Last semester, my students had a really cool conversation about whether tattoos are a medium and/or rhetorical.As I teach a new semester of digital rhetoric, I’m contemplating the nature of media and new media. Of course, I always return to Marshall McLuhan’s “The Medium is the Message.” If we accept McLuhan’s premise that how a message is communicated is as important as its content, then tattoos may be the ultimate form of self expression.
For people who get tattoos, the content can be extremely personal. For example, many people get a memorial tattoo after someone close to them dies. In “‘So That They Never Forget the Holocaust:’ Memorial Tattoos and Embodied Holocaust Remembrance,” Verena Hutter (2016) argues that some of these tattoos are “embodied memory and/or performed trauma” (269). Hutter examines a New York Times piece “A Tattoo to Remember” in which the grandchildren of Auschwitz survivors remember their family’s struggle by purposefully tattooing the numbers Nazis assigned their ancestors. The tattoo represents an intersection of faith, heritage, and history. The symbol content of the brief serial number would be empty without the medium, a tattoo.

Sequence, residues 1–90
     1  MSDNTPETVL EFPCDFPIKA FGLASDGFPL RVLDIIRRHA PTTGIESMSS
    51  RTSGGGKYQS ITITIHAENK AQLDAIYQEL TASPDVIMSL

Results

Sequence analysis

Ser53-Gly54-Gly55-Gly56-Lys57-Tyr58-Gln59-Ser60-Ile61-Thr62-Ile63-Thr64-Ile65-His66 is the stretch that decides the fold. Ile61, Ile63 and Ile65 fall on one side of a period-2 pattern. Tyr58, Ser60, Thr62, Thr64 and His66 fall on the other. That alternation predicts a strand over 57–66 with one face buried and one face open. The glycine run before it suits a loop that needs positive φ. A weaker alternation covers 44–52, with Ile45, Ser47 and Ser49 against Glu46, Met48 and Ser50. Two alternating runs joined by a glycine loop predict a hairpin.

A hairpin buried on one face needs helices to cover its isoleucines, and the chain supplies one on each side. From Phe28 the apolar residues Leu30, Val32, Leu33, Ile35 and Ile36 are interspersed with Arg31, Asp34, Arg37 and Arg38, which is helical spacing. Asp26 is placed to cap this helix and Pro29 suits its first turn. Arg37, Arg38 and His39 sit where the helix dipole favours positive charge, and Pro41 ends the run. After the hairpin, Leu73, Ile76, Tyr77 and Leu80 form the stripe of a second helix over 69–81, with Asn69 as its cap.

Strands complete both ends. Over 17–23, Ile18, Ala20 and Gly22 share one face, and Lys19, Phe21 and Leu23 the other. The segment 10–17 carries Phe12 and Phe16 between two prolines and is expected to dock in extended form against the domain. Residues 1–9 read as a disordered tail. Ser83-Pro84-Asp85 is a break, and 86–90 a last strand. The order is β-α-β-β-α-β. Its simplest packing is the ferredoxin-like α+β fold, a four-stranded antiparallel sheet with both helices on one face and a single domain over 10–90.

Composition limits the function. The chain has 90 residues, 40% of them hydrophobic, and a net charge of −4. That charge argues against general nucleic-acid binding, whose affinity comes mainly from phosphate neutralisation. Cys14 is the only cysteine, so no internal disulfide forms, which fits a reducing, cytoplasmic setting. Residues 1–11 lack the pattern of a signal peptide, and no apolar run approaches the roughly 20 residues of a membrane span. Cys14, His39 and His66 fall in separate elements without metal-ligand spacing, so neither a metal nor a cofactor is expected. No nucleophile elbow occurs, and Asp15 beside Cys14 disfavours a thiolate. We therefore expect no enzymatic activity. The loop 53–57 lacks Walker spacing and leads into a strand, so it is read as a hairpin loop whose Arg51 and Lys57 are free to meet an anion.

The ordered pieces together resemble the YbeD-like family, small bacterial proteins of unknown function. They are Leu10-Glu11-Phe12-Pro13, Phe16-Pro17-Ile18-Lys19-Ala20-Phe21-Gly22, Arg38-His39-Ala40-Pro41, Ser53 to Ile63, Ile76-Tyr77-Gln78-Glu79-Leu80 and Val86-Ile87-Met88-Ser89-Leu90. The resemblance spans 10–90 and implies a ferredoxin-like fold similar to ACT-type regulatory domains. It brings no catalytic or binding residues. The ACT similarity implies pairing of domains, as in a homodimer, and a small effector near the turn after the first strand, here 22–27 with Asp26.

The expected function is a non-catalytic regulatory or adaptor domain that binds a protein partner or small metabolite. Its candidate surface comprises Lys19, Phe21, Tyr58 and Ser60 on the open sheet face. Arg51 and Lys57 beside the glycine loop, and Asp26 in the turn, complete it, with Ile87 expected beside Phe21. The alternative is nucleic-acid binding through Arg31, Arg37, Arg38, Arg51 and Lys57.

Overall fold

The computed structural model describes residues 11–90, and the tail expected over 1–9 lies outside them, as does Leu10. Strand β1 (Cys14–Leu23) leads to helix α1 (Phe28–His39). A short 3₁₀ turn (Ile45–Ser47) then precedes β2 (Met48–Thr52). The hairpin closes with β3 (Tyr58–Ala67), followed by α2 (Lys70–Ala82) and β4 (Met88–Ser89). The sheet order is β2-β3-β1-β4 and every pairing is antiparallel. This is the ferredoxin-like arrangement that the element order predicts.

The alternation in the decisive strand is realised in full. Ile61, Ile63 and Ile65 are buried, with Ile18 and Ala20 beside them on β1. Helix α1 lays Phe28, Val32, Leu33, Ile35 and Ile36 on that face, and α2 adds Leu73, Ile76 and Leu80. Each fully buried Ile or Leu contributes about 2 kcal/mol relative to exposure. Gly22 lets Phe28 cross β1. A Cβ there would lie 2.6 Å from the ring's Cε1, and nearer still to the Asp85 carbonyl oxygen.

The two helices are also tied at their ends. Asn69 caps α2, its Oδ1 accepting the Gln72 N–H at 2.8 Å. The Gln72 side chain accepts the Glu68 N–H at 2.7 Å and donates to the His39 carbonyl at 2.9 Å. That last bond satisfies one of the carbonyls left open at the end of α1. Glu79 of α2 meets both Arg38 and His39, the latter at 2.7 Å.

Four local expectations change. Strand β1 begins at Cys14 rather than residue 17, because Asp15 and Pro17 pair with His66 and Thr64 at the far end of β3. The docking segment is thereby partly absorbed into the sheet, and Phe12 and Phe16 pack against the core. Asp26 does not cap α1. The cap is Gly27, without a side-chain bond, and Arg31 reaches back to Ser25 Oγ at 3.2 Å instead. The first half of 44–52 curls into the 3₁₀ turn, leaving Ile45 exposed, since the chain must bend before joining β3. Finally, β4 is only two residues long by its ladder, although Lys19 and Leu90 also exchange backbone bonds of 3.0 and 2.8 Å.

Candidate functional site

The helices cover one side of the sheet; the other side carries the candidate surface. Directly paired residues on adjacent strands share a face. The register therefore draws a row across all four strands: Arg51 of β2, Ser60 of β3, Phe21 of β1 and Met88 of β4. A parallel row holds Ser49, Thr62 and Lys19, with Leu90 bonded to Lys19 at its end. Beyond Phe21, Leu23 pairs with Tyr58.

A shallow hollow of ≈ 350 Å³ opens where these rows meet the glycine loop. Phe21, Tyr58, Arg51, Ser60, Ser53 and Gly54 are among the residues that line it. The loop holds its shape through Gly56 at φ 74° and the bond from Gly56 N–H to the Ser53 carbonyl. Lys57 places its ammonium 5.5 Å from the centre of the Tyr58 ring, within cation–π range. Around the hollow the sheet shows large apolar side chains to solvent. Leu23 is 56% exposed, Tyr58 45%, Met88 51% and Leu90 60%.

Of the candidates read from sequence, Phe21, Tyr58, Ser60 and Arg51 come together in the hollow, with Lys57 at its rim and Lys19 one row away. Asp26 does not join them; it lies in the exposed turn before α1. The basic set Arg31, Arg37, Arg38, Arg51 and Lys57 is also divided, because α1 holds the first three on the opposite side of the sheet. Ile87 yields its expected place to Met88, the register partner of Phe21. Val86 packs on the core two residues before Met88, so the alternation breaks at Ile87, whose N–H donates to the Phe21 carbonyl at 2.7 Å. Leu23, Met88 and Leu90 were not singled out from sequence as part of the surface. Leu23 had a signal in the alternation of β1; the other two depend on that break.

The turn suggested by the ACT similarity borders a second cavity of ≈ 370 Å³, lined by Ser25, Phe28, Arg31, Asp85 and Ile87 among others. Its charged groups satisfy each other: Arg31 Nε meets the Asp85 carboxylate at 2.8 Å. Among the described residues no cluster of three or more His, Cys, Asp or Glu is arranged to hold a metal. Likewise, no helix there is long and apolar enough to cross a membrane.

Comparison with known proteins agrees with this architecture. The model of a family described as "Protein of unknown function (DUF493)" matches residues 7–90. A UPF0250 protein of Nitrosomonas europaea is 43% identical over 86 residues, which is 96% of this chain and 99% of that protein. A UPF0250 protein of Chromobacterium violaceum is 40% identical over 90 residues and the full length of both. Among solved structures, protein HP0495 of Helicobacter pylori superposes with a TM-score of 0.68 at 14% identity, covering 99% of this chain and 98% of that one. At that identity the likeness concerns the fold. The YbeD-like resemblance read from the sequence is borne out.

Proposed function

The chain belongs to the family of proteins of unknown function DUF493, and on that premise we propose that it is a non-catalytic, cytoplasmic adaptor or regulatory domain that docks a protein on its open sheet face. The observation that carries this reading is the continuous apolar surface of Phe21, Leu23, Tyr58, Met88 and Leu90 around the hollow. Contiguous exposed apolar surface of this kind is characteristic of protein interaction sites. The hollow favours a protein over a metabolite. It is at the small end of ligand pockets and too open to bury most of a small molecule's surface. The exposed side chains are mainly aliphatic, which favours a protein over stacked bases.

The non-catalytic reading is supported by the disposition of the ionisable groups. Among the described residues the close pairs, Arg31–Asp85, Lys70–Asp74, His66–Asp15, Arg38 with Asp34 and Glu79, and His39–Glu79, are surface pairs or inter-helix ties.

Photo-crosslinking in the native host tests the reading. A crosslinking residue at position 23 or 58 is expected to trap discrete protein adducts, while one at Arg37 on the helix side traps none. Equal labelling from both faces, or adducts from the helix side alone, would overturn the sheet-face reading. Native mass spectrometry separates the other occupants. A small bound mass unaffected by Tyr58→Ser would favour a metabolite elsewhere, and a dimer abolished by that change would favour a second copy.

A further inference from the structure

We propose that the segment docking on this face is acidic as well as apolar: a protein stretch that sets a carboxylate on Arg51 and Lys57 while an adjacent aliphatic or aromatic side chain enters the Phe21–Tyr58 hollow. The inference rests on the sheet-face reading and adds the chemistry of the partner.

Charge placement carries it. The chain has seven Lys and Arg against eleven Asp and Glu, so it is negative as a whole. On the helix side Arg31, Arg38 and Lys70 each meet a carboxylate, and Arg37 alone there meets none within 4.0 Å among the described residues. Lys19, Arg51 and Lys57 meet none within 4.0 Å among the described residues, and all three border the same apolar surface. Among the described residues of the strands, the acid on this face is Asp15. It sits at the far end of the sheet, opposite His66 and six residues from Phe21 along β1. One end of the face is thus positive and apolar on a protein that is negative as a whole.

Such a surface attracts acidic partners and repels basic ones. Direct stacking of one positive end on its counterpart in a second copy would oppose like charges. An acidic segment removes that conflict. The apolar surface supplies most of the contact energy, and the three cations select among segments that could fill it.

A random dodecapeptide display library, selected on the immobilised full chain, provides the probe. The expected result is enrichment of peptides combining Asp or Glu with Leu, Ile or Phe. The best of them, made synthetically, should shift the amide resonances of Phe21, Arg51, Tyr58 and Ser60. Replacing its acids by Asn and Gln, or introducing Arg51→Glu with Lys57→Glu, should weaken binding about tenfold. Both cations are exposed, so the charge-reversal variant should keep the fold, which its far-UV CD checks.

While not every tattoo has the same depth, the pain and permanence make them a deliberate statement about the self. What does that Tinkerbell tattoo on your foot say about you? Does it say you want to be a walking billboard for Disney? Not really. But it might say that to 18 year-old you, Tinkerbell connected to your childhood and fond memories of watching Peter Pan with your friends.
Tattoos no longer have the counter-cultural cachet they once had. Thirty years ago, tattoos usually signified drug use,enlisted military service, or carnival work. However, in the mid-90s, everyone started getting tattoos. As “alternative” music became mainstream, so did other alternative styles – tattoos, piercings, and purple hair. More recently, the Pew Research Center found that nearly 40% of people between 18 and 29 have at least one tattoo. In other words, tattoos have different rhetorical value now.
Nevertheless, when skin is the medium and hours of pain and days of discomfort are required for communication, it seems that a tattoo is no less rhetorical than an essay. And like most writing, it’s done collaboratively, takes practice, and you usually start small before embarking on a full sleeve.